About this work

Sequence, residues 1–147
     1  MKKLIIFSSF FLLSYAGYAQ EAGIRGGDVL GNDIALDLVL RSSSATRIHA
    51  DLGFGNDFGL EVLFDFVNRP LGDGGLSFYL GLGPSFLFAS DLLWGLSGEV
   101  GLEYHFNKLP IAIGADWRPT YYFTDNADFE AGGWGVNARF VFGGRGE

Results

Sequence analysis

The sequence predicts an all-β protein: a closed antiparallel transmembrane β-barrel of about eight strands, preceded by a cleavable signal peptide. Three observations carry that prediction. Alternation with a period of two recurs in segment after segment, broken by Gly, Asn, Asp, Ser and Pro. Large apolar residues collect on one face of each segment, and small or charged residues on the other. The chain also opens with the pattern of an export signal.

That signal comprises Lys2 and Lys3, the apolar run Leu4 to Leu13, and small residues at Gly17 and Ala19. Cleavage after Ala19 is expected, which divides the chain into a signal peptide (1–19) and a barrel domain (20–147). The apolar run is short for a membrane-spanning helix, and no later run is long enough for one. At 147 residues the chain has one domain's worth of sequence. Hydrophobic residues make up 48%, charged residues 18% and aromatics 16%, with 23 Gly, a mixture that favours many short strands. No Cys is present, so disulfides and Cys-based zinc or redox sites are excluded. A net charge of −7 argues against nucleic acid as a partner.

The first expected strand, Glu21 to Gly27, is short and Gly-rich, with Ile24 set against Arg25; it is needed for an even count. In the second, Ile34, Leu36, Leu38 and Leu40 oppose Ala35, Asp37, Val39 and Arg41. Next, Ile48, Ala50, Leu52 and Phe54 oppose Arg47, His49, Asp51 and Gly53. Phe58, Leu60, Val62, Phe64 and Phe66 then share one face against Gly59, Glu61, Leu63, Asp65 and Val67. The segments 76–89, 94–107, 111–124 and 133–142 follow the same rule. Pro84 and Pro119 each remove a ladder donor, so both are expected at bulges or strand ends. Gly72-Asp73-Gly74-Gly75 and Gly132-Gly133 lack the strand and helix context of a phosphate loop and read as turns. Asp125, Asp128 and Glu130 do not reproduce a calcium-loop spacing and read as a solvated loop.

As the headnote indicates, this work is probably not by Bach, but by Johann Friedrich Fasch, a Bach contemporary. In fact, it is often called the Fasch Trio in concert performances and on recordings, even though it is still listed in many catalogs of Bach's compositions. The work likely dates to the early 1700s, when both composers were still finding their stylistic ways. It consists of two movements, an Adagio of three-and-a-half minutes' duration or so, and an Allegro, two-thirds that length. The first movement opens gently and dreamily in the upper ranges, the theme serene and contented. It exhibits quite the kind of melodic material and mood heard in many Bach organ works, but the contrapuntal writing lacks the imagination generally associated with that master's finer keyboard works. The Allegro opens at a lively but hardly breakneck pace, its mood brighter but still divulging that sense of ethereality from the opening panel. Again, contrapuntal features, while well-crafted enough, are not particularly inspired. Still, this gentle piece will have appeal for both Bach and Baroque-era enthusiasts.